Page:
To the Editor:
Greetings to all who live, shop and vote in Great Barrington.
A recent letter by Andy Moro (and subsequent comments by all) brings up the very issues that have spurred us on to create and publicize our proposed bylaw curbing the sale of water sold in single-use plastic bottles. We ask that people attend town meeting, keeping their minds open to hearing another approach to providing drinking water. To learn more about the economics, please see my last point below.
Here are the facts:
Plastic is filling our rivers, oceans and landfills. This is well documented all over the Internet by reputable sources. The plastic breaks up into tiny fragments. Fish, birds and all marine life mistake these particles for food; they eat it and they die from malnutrition. Plastic is entering the food chain – our fish and shellfish have the stuff in them (See “Why Do Seabirds Eat Plastic? It Smells Like Fish to Them”).
Recycling is no longer the answer. The EPA has calculated that only about 30 percent of our plastic recyclables get to a processing plant. Now that China refuses to take a large part of our recyclables for their use, the market has softened and likely even less will reach a plant (See “Mountains of US recycling pile up as China restricts imports”).
A redeemable surcharge on plastic water bottles to encourage more collection and recycling was shot down by Massachusetts voters in 2014. The water bottling industry made their case and the voters fell for it (see “Bid to expand Mass. bottle law soundly rejected”).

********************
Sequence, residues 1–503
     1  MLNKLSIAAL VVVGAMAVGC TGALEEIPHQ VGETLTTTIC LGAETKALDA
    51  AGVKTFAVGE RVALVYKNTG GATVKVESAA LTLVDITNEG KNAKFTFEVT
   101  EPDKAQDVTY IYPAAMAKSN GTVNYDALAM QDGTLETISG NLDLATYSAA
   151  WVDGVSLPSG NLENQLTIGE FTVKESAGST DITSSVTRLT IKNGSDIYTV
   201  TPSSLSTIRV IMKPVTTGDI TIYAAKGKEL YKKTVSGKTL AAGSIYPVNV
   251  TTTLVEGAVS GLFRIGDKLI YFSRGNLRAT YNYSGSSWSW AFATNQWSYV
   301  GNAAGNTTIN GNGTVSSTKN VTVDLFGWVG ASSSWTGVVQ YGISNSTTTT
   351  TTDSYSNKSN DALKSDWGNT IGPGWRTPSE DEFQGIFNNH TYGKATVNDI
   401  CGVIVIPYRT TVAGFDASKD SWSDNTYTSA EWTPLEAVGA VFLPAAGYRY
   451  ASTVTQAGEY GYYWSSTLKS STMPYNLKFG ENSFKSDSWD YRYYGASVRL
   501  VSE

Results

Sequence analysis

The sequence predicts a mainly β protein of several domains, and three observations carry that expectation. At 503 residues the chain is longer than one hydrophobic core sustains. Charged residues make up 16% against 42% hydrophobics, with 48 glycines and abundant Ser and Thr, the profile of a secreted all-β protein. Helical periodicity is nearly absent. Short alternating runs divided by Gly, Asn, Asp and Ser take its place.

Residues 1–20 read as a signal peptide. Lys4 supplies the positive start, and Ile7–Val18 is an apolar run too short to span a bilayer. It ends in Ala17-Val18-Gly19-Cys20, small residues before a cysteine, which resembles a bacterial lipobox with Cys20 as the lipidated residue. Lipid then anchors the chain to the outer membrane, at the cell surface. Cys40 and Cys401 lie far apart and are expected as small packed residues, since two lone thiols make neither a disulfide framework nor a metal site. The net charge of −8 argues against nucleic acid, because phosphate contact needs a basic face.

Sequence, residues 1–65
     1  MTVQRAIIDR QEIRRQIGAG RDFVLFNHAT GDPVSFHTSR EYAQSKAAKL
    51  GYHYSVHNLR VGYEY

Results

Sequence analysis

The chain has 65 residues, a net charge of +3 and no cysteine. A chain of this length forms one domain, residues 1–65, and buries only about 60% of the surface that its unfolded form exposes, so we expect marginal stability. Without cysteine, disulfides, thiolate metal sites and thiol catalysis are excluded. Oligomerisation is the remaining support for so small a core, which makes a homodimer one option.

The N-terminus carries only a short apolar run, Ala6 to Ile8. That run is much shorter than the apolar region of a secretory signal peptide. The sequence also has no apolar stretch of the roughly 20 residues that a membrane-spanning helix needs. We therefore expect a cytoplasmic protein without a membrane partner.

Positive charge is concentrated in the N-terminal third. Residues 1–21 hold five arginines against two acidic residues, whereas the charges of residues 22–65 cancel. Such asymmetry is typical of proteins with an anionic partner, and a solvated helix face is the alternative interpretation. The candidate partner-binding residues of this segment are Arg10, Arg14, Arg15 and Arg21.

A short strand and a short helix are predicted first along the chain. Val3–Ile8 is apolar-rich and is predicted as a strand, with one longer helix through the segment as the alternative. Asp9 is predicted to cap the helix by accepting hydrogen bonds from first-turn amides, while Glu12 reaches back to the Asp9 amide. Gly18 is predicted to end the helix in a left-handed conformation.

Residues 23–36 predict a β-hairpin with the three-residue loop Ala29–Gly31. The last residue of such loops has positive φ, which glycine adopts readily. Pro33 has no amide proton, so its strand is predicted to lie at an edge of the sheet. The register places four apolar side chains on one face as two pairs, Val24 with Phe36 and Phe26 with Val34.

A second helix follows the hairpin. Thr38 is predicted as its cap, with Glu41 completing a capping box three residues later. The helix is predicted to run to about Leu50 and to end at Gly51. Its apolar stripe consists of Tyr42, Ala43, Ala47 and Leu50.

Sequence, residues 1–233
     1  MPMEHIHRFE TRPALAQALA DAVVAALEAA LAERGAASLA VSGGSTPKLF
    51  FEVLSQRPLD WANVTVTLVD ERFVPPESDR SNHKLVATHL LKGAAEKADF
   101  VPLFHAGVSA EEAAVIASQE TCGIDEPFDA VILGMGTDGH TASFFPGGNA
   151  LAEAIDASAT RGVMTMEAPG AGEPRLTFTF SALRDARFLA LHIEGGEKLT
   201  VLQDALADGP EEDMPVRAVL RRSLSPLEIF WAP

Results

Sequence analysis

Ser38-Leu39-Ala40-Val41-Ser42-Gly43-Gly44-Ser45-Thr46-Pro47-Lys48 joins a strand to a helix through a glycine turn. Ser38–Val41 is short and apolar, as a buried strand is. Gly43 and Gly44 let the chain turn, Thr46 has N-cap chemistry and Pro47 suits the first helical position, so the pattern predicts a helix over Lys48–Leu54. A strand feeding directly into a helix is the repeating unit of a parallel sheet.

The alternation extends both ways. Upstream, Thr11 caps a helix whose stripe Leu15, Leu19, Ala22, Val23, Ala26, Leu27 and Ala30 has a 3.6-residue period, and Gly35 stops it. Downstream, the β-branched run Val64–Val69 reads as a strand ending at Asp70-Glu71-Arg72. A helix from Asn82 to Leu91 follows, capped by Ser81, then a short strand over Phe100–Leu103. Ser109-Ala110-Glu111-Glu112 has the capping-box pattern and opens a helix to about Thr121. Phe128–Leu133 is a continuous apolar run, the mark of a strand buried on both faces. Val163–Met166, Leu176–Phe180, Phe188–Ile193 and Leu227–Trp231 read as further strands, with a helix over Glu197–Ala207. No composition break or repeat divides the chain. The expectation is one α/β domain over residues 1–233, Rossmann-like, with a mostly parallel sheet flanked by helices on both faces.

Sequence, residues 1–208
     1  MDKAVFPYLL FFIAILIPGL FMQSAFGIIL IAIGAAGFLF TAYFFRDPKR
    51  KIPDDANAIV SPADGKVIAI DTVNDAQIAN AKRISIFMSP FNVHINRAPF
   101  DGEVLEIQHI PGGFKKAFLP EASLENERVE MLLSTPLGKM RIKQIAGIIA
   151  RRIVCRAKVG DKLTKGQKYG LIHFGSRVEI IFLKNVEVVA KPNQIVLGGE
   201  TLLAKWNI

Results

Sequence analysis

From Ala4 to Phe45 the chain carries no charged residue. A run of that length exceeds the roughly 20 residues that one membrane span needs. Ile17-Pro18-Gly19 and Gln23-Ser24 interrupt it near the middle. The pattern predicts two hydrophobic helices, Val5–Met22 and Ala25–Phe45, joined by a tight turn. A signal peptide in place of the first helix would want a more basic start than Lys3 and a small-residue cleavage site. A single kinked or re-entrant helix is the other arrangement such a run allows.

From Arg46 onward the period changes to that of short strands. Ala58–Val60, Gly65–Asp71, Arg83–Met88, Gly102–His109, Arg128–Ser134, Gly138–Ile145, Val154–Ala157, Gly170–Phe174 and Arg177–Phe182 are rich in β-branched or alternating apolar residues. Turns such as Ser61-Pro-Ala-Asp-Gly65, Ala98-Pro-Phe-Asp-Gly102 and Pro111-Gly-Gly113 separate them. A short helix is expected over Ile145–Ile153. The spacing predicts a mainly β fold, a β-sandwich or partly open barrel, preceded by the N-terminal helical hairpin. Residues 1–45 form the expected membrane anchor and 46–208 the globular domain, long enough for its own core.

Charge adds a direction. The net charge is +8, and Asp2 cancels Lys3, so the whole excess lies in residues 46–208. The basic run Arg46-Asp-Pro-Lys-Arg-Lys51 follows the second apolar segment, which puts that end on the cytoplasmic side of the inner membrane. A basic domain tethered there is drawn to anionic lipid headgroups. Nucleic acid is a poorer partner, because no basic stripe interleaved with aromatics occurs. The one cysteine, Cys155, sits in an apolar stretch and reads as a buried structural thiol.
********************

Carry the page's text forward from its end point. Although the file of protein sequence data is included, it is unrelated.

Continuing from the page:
At least half of the water in PET plastic bottles is filtered tap water. All of it is harvested, packaged and trucked in from other localities. This is an unsustainable process for providing water to a population (See “Global environmental impact of bottled water is ‘enormous’”).
Great Barrington’s town water is excellent. Housatonic’s, from what I hear, is not as tasty, but it’s all clean and filterable by homeowners – which would save people lots of money. See filters for this purpose locally at Carr Hardware and on the internet.
Concerning the purchase of new four-season, freeze-resistant hydration stations, we will seek corporate assistance, grants and public monies. Grants are available, too, for providing water bottles at a very low cost.
Concord, Massachusetts, began a similar ban on the sale of PET plastic water bottles on January 1, 2013. Their tonnage of the non-paper stream of their dual-stream recycling program saw a reduction from 602 tons in 2012 to 579 tons in 2013. Their board of health was the designated enforcement agency, and their public health director has not had to make any adjustments in staffing.
Economics: We are extremely concerned that small merchants not suffer from this change. To this end, we have designed an option that could easily be more profitable, giving them a return on their investment within a year. It is this: Merchants can install filtered water dispensers in their stores. The customer would purchase a compostable cup and lid from the merchant. Merchants would use a plastic composting service newly available in this area, Natural Upcycling, that will pick up compostable plastics for their industrial composting facility. They are a reputable firm and numerous restaurants in town use them for food scrap pick up now. We welcome inquiries about specific products and companies. And please note: Our emergency first responders such as fire, police and EMS are exempt from this bylaw.
This is a movement that is happening around the country and the world. Twenty-one towns or cities have limited the sale of water in PET plastic single-serve bottles, 90 universities including Harvard and Brandeis have implemented bans, and hospitals and zoos are doing the same.
Great Barrington will set a model for area and regional towns to follow for similar bans. As a famous philanthropist once said, you have to start somewhere. We have had a positive response from our business community, with endorsements from 30+ retailers from Guido’s to Soco to Domaney’s.
Measures are being taken across the country due to the urgency of conditions and we need to join forces. We feel humanity must make a change in course. It’s up to us to make these critical decisions now.
The writer is a member of the Environment Committee, Berkshire Women’s Action Group.